• [0039]
    In an aspect of this invention, in the above method, the third electrically-conductive substance comprises an electrically conductive wire that is fixedly helically wound around the bare portion of the straight segment of the second wire.
  • [0040]
    In an aspect of this invention, in the above method, the helically wound segment of the second wire comprises a first and a second helically wound portion, the portions being independently open- or closed-pitched, the first portion being at least partially fixedly encased in the first non-conductive substance and being coupled to the distal end of the core wire, the second portion optionally being partially encased in the first non-conductive substance, the second portion being distal to the first portion and coupled to the third electrically-conductive substance.
  • [0041]
    In an aspect of this invention, in the above method, the first and second portions of the helically wound segment are both closed-pitched.
  • [0042]
    In an aspect of this invention, in the above method, the first and second portions of the helically wound segment are both open-pitched.
  • [0043]
    In an aspect of this invention, in the above method, the first portion of the helically would segment is open-pitched and the second portion is closed-pitched.
  • [0044]
    In an aspect of this invention, in the above method, the second portion of the helically-wound segment is at least partially surface-coated with a second non-conductive substance, which may be the same as, or different from the first non-conductive substance.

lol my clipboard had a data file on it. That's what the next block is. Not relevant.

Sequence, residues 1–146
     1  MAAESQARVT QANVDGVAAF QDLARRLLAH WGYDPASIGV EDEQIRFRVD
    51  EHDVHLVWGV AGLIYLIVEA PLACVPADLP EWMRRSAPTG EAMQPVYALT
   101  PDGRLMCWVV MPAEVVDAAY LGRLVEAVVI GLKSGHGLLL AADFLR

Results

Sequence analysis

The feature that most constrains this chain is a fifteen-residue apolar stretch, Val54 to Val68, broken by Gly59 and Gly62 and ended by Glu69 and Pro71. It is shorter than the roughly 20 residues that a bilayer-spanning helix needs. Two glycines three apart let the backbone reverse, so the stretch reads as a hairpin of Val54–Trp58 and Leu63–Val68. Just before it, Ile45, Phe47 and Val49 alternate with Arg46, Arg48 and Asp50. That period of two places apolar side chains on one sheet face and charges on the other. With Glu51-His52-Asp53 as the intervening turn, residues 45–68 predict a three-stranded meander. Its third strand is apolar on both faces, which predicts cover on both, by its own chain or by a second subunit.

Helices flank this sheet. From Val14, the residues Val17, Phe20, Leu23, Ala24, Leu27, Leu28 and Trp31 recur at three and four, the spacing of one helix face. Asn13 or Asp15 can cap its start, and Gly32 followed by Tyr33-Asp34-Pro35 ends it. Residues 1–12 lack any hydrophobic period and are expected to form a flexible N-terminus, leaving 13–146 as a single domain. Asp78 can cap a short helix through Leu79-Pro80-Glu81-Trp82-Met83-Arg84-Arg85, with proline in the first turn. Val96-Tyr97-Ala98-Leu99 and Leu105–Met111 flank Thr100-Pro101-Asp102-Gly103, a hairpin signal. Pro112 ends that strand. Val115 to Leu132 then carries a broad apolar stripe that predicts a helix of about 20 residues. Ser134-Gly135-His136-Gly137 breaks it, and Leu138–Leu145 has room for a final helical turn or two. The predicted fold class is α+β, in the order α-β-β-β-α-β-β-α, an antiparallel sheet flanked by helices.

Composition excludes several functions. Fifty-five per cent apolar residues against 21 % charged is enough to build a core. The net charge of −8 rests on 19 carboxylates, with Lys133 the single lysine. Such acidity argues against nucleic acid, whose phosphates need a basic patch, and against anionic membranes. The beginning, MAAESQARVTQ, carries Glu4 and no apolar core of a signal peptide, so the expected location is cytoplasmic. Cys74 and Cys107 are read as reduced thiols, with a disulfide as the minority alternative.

• [0045]
    In an aspect of this invention, in the above method, the flexible member comprises a first loop having a first and a second end, both of which are fixedly coupled to the distal end of the core wire, a distal portion of which is optionally bare and a second loop having a first and a second end both of which are operatively coupled to the proximal end of the embolic assembly wherein the first and second loops are interlinked.
  • [0046]
    In an aspect of this invention, in the above method, the first and second ends of the first loop are operatively coupled to a bare portion of the distal end of the core wire by a second electrically-conductive substance that is different from the first electrically-conductive substance, the second electrically-conductive substance having a proximal end fixedly coupled to the bare portion of the distal end of the core wire and a distal end that, along with the two ends of the first loop, is fixedly encased in a second non-conductive substance, which may be the same as, or different than, the first non-conductive substance.
  • [0047]
    In an aspect of this invention, in the above method, the flexible member comprises a second wire comprising a second electrically-conductive substance, which may be the same as, or different than, the first electrically-conductive substance, and having a proximal and an distal end, the second wire further having, at its proximal end, a first helical coil segment and, at its distal end, a first loop segment, the helical coil segment being fixedly coupled to the distal end of the core wire and a third wire comprising a third conductive substance, which is different than the second conductive substance, and having a proximal and a distal end, the third wire further having a second loop segment at its proximal end wherein the first and second loop segments are interlinked and the distal end of the second helical segment and the proximal end of the embolic assembly are fixedly encased in a second non-conductive substance.
  • [0048]
    In an aspect of this invention, the above method further comprises a stretch resistant member having a first and a second end, the first end being fixedly coupled to the distal end of the core wire and the second end being fixedly coupled to the flexible member.
  • [0049]